One of my favorite quotes from ’s latest book, “Wisdom and Things: Essays From An Unlikely Champion is this one: “My exterior does not show what I am made of.” Vera’s quote continues, “Who you are is not just based on how you look or your upbringing. It is determined by your willpower, your work ethic and your persistence.” After nearly two years of a world-wide pandemic-related disruption in our normal lives, this kind of grit, resilience and hopefulness is more important than ever. Now is the perfect time to be encouraged, refreshed and inspired by wisdom … and things.
Within the pages of Vera Koo’s collection of essays, she reminds us that although we must dig deep within our hidden strengths and “Seize the moment, and don’t hold back,” community is also important. Her essay titled, “Why you should surround yourself with inspiring people” is an unvarnished look at Vera’s insecurities, and how she has gained strength from her mentors and other accomplished women. Vera confesses that she is much more comfortable being the student, rather than the teacher. However, because Vera pushed through her initial unease with being in the role of a firearms instructor, in front of cameras on an online NRA television show no-less, she was able to empower other women to learn from her background in the shooting sports.
Vera makes a powerful statement in her essay, “Don’t miss your ‘some day’.” Too many of us put off living out our dreams because we believe that “some day” life will allow us that freedom. The reality is that permission will never come. Waiting will only result in more waiting. Looking back at the unexpected turn that so many of our lives took during the global lockdowns brings into sharp focus the wisdom of Vera’s words. Through her example and her essay, we are encouraged that “If you believe you can do something, you usually can!”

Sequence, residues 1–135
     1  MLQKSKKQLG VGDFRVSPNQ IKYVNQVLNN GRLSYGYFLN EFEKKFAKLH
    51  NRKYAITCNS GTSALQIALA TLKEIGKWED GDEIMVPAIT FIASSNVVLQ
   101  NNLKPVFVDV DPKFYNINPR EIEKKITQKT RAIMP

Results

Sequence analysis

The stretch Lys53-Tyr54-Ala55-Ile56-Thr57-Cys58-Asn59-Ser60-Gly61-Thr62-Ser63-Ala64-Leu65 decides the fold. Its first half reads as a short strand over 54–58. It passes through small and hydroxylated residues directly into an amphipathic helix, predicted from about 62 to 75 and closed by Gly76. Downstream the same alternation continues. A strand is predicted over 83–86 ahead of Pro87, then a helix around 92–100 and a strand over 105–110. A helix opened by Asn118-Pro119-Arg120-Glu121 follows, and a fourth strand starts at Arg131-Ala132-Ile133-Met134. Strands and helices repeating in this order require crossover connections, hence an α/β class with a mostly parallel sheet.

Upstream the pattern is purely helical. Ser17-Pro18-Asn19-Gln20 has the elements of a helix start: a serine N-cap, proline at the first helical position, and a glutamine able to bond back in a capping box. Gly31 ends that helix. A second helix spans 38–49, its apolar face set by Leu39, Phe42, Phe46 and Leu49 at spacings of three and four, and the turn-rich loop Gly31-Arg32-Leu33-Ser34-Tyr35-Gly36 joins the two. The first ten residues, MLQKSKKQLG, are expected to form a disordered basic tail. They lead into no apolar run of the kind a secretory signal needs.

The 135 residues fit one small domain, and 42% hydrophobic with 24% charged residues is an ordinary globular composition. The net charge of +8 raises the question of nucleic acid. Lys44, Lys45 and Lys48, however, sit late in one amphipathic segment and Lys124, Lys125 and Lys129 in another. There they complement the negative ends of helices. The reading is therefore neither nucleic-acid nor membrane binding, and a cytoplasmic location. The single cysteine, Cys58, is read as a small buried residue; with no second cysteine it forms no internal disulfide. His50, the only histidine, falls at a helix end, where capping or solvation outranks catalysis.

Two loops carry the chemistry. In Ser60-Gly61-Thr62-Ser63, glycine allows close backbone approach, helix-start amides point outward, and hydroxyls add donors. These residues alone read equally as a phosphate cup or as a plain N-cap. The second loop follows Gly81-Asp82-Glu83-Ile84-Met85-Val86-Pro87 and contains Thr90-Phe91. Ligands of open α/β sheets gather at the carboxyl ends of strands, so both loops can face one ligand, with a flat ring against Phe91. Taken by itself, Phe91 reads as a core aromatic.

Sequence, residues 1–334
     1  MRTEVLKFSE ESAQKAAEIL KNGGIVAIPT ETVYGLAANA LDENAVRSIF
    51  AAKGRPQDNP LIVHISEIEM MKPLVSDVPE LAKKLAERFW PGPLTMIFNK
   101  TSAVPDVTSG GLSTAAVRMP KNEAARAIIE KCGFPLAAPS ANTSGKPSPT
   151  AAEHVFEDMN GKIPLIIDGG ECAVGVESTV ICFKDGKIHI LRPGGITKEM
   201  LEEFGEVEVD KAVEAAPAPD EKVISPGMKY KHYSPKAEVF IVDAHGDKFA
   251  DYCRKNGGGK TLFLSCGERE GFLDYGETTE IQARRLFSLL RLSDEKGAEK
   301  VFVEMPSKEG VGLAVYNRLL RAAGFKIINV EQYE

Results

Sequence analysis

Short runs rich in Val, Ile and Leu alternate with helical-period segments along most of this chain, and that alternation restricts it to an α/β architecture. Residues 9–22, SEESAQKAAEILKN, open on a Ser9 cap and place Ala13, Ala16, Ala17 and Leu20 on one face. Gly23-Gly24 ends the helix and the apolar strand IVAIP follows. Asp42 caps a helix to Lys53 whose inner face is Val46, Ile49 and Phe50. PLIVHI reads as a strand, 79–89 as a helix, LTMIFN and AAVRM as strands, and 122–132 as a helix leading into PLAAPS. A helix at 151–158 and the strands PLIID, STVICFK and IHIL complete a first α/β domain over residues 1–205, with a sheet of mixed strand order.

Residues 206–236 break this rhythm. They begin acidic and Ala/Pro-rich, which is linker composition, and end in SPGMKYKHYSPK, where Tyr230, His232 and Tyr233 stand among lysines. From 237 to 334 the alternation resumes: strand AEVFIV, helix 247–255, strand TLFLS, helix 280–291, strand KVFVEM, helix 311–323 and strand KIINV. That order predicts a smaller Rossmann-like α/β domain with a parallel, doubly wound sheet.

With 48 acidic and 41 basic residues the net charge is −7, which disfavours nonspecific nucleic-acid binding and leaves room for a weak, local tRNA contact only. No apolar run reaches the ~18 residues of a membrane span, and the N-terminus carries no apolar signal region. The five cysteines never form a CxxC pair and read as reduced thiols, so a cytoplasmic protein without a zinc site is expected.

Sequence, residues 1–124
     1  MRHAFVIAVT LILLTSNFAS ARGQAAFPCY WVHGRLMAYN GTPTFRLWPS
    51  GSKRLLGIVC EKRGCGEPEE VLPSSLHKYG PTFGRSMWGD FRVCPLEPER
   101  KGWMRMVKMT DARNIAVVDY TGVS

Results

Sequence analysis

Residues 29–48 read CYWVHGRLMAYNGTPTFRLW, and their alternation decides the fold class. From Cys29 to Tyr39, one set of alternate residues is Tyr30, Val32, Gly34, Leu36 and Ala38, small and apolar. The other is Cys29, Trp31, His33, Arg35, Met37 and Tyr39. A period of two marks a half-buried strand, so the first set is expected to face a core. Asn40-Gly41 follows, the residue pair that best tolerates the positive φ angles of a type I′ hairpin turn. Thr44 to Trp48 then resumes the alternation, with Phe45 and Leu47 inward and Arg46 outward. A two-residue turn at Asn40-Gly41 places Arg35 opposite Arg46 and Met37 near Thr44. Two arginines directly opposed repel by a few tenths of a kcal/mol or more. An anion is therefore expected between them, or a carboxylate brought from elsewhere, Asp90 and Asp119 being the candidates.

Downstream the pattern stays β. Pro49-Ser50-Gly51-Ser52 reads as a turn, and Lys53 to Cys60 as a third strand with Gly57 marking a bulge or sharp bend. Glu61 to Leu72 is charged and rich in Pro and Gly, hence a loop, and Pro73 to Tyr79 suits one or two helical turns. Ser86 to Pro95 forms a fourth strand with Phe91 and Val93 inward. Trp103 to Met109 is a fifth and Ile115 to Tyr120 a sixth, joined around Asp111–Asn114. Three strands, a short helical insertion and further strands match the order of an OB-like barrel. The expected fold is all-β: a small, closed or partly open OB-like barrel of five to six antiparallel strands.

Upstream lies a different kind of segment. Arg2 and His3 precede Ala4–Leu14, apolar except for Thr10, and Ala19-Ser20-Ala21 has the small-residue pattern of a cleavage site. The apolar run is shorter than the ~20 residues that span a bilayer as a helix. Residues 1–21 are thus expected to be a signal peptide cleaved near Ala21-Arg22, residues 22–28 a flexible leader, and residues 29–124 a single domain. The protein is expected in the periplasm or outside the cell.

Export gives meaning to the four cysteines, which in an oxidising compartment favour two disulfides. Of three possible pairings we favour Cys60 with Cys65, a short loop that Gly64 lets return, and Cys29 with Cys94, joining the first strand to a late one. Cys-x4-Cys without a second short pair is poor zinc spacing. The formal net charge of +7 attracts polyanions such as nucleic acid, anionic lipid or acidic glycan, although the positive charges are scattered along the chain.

Borrowing from an old Chinese fable, Vera makes one of her most impactful assertions. The essay is titled “Embrace your true self and don’t hide your tail.” I would not want to rob you of the discovery hidden in this essay by giving away too much, but make a point to jump ahead to page 107. Among the many personal and family photos that Vera has shared in this book, you will find the evolution from a young child, to a traditional Chinese wife and mother, to a confident champion competitive shooter. Vera is a voice we can trust when she encourages us that, “If you try to please everyone and be something you are not, you are just wasting your time.”
Every page of Vera Koo’s “Wisdom and Things” offers a moment to pause, reflect and smile. Each essay is relatable and motivational. Whether this book is a gift to yourself or to someone else who needs a day-brightener, you will find yourself, like I did, turning down the corners of pages and placing sticky notes on the portions that especially inspire, uplift, and bring a knowing nod of agreement. The final pages hold a future-oriented essay titled “Always on the lookout for adventure,” which I can only hope is a promise that we will have future books by Vera to read and from which to gain inspiration, wisdom and things.
This review was originally published at “.” Be sure to also read Cheryl Todd’s review of Vera Koo’s first book, “The Most Unlikely Champion.”